Audrey Lakin is a city girl, so she never thought she’d have to learn what a soybean was—until she became a marketing planner for the Chicago Board of Trade early in her career. From visiting farmers in the flatlands one day to schmoozing with executives in New York the next, Lakin became quite comfortable with entertaining vastly different crowds—so comfortable she took matters into her own hands by opening corporate planning firm Executive Productions, Ltd., which has a strong tie to the real estate community. As her company turns 20 this year, Lakin has much reason to celebrate.
ILM+E: What was your very first job?
AL: “I started in college with Lettuce Entertain You by booking their private event space at Bones, formerly in Lincolnwood.”
ILM+E: What made you want to start your own firm 20 years ago?
AL: “I had my first child and wanted to continue to do events but with less travel commitments. And I was lucky because back then event planning was not the most popular profession, but I was able to find my niche.”
ILM+E: What’s the biggest industry change you’ve seen?
AL: “Technology has been the biggest advancement. Now people don’t call, they email or text. I’m finding that to be my biggest challenge, trying to convince people there is still a purpose in being together for an event.”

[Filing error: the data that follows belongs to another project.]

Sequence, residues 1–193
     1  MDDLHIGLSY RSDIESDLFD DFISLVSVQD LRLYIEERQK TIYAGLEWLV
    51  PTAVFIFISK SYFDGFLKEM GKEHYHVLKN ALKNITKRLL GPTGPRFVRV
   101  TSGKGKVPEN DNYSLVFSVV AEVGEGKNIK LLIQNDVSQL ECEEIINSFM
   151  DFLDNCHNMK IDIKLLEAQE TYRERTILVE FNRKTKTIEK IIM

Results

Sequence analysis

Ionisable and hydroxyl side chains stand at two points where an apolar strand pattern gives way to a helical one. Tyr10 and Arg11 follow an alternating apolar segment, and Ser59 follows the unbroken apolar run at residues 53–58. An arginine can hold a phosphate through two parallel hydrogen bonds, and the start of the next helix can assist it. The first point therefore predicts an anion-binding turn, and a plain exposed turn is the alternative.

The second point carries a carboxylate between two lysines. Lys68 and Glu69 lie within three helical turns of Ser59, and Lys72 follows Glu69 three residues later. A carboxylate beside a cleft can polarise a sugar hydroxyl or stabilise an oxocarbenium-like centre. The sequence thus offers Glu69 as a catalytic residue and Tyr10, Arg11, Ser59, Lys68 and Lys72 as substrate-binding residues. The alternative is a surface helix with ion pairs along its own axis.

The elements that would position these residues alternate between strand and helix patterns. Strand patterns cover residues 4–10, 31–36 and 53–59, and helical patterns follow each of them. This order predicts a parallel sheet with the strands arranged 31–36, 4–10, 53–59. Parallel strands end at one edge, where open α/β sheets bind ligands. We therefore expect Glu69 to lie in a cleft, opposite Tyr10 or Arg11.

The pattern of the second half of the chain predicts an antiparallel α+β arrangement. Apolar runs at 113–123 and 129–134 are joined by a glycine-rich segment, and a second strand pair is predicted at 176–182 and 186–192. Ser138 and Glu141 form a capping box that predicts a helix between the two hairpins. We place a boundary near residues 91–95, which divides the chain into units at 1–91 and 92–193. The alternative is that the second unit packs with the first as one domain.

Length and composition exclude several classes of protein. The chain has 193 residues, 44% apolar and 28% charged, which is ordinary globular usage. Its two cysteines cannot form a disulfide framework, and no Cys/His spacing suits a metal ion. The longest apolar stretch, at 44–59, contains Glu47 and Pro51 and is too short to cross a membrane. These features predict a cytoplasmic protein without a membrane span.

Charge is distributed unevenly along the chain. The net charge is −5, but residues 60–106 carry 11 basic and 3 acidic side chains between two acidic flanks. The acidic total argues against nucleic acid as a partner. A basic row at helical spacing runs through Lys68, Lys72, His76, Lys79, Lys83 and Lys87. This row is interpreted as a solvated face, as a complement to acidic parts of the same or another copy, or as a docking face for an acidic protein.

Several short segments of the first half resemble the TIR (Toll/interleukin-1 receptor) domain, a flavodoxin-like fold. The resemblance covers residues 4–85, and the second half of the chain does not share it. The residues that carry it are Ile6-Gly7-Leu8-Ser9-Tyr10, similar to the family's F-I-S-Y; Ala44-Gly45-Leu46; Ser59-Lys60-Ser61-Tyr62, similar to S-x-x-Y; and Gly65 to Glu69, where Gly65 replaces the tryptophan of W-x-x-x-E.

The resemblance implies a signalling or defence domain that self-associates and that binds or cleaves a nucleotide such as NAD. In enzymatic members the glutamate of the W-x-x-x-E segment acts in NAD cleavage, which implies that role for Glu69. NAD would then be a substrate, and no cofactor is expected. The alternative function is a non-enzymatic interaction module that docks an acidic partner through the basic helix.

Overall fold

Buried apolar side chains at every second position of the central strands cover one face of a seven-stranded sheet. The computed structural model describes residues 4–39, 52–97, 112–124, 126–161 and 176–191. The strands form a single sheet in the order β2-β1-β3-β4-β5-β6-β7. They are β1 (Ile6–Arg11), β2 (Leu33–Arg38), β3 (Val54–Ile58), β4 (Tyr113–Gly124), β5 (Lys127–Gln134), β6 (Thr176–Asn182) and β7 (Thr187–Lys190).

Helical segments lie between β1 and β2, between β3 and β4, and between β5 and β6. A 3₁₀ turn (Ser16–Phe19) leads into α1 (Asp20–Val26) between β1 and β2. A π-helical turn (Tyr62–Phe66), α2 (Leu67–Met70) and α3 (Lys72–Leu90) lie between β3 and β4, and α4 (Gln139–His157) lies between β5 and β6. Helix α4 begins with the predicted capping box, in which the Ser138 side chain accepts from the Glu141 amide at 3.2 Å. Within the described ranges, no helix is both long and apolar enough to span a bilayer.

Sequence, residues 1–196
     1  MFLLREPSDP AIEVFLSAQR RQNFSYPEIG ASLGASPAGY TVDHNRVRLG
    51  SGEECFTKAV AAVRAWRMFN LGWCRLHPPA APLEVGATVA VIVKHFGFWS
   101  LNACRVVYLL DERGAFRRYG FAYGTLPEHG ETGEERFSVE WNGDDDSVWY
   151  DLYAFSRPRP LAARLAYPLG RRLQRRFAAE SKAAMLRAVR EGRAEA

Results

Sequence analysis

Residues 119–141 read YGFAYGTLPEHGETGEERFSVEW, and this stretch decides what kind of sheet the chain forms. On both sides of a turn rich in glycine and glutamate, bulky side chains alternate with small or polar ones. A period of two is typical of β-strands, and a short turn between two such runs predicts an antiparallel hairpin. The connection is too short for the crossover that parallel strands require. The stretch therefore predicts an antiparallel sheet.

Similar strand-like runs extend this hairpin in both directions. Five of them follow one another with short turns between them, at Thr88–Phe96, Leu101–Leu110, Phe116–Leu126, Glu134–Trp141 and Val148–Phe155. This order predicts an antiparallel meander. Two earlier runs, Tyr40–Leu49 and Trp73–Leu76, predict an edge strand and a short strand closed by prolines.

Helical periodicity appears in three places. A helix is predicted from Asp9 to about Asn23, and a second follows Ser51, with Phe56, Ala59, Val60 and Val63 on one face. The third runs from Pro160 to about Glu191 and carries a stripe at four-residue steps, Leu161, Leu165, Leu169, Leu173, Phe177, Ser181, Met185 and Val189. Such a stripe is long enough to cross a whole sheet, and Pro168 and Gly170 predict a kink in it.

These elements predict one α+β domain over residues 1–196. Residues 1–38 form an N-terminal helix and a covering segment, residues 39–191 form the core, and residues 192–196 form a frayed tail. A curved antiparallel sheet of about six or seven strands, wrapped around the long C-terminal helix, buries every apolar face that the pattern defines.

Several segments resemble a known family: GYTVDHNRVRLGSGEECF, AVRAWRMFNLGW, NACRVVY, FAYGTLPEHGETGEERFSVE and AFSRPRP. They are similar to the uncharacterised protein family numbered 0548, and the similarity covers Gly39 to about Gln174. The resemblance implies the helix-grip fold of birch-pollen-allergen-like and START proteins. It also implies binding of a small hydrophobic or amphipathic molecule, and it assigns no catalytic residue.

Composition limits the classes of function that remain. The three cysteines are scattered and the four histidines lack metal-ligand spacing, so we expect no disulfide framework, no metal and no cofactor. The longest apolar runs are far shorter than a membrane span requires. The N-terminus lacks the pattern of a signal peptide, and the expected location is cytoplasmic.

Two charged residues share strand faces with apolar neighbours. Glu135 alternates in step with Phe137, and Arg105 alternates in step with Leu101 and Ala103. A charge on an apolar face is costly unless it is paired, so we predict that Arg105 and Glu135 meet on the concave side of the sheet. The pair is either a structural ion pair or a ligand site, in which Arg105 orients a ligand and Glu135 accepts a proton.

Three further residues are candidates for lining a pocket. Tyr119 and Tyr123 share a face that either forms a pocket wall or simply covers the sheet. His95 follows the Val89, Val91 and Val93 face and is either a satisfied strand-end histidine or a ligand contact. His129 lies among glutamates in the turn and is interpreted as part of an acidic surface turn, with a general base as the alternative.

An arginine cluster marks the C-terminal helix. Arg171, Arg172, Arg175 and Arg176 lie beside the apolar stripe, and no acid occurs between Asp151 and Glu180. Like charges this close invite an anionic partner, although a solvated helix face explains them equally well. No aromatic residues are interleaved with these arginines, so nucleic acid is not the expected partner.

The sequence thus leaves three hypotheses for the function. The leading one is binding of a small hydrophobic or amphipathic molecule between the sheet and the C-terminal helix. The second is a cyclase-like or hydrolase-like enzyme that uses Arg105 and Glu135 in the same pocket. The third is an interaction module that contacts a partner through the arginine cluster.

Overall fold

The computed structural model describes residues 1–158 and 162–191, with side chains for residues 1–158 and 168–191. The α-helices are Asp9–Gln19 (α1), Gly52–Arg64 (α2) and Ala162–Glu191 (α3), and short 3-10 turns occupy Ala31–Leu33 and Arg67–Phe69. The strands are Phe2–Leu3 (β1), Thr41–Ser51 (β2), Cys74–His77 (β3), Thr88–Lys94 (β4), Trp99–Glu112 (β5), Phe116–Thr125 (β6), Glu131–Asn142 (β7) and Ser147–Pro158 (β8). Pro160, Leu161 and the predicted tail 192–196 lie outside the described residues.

ILM+E: How did you start building your client list in the beginning?
AL: “I have to give credit to my husband. He’s in real estate, so every time I’d meet his friends, I’d network and now the calls keep coming, especially for most big events in the city, including the 100th anniversaries of the Burnham Center and the Wrigley Building this year.”
ILM+E: Are there any challenges in planning for the same audience each time?
AL: “I have to always get creative and provide different experiences. I have to create the atmosphere, whether it’s a themed event, bringing in a sports star or having giveaways.”
ILM+E: What has been the biggest asset of your success?
AL: “Understanding that the bottom line is relationships. Sometimes that means scheduling two lunches even if I’m not hungry or I’m busy. It’s about making people feel they are the most important.”